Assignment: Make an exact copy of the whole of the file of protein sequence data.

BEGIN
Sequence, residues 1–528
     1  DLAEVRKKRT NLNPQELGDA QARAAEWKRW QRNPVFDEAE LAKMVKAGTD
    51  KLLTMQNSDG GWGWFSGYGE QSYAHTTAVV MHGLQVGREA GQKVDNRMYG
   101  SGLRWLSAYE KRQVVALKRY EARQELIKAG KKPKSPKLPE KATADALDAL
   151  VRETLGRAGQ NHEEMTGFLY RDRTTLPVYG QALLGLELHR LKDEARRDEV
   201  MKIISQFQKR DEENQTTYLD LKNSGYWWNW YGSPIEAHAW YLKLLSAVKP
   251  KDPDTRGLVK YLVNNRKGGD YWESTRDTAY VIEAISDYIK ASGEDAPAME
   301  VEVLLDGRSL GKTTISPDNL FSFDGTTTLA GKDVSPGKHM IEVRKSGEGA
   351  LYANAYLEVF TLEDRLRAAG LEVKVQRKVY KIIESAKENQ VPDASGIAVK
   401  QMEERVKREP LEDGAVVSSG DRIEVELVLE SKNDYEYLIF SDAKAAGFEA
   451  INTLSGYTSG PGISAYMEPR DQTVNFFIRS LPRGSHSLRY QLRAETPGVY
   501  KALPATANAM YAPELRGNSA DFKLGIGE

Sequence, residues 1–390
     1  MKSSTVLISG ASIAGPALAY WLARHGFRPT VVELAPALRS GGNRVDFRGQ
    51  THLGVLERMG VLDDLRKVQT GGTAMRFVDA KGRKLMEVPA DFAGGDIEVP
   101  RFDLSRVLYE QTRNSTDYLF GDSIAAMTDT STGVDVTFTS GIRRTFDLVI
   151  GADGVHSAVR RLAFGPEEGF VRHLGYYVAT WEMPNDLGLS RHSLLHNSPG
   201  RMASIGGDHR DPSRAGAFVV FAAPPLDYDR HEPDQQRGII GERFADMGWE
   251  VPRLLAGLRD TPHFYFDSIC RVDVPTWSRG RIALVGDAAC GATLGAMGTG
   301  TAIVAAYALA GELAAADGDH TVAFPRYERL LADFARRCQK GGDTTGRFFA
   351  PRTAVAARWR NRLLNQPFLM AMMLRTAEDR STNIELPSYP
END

Sequence, residues 1–528
     1  DLAEVRKKRT NLNPQELGDA QARAAEWKRW QRNPVFDEAE LAKMVKAGTD
    51  KLLTMQNSDG GWGWFSGYGE QSYAHTTAVV MHGLQVGREA GQKVDNRMYG
   101  SGLRWLSAYE KRQVVALKRY EARQELIKAG KKPKSPKLPE KATADALDAL
   151  VRETLGRAGQ NHEEMTGFLY RDRTTLPVYG QALLGLELHR LKDEARRDEV
   201  MKIISQFQKR DEENQTTYLD LKNSGYWWNW YGSPIEAHAW YLKLLSAVKP
   251  KDPDTRGLVK YLVNNRKGGD YWESTRDTAY VIEAISDYIK ASGEDAPAME
   301  VEVLLDGRSL GKTTISPDNL FSFDGTTTLA GKDVSPGKHM IEVRKSGEGA
   351  LYANAYLEVF TLEDRLRAAG LEVKVQRKVY KIIESAKENQ VPDASGIAVK
   401  QMEERVKREP LEDGAVVSSG DRIEVELVLE SKNDYEYLIF SDAKAAGFEA
   451  INTLSGYTSG PGISAYMEPR DQTVNFFIRS LPRGSHSLRY QLRAETPGVY
   501  KALPATANAM YAPELRGNSA DFKLGIGE

Sequence, residues 1–390
     1  MKSSTVLISG ASIAGPALAY WLARHGFRPT VVELAPALRS GGNRVDFRGQ
    51  THLGVLERMG VLDDLRKVQT GGTAMRFVDA KGRKLMEVPA DFAGGDIEVP
   101  RFDLSRVLYE QTRNSTDYLF GDSIAAMTDT STGVDVTFTS GIRRTFDLVI
   151  GADGVHSAVR RLAFGPEEGF VRHLGYYVAT WEMPNDLGLS RHSLLHNSPG
   201  RMASIGGDHR DPSRAGAFVV FAAPPLDYDR HEPDQQRGII GERFADMGWE
   251  VPRLLAGLRD TPHFYFDSIC RVDVPTWSRG RIALVGDAAC GATLGAMGTG
   301  TAIVAAYALA GELAAADGDH TVAFPRYERL LADFARRCQK GGDTTGRFFA
   351  PRTAVAARWR NRLLNQPFLM AMMLRTAEDR STNIELPSYP